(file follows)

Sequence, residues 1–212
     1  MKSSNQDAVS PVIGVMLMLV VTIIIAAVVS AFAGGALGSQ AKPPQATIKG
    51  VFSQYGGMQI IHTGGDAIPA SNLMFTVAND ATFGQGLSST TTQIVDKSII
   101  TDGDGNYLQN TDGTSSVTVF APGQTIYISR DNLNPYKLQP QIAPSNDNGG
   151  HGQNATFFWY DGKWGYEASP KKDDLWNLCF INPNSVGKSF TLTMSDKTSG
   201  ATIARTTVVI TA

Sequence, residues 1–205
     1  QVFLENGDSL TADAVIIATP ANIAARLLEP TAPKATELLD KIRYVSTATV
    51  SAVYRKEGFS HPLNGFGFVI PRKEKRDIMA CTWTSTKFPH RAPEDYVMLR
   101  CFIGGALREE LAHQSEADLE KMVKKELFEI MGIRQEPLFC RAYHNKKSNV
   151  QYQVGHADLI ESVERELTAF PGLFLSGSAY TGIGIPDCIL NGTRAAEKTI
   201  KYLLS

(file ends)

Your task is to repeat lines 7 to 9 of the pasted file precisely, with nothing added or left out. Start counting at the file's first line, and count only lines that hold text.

Sequence, residues 1–205
     1  QVFLENGDSL TADAVIIATP ANIAARLLEP TAPKATELLD KIRYVSTATV
    51  SAVYRKEGFS HPLNGFGFVI PRKEKRDIMA CTWTSTKFPH RAPEDYVMLR